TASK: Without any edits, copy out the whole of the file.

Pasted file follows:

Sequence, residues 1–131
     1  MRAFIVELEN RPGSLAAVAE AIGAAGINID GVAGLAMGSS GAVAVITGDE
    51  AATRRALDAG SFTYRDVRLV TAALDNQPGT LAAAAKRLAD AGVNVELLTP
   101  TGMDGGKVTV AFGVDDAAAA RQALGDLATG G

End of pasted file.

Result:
Sequence, residues 1–131
     1  MRAFIVELEN RPGSLAAVAE AIGAAGINID GVAGLAMGSS GAVAVITGDE
    51  AATRRALDAG SFTYRDVRLV TAALDNQPGT LAAAAKRLAD AGVNVELLTP
   101  TGMDGGKVTV AFGVDDAAAA RQALGDLATG G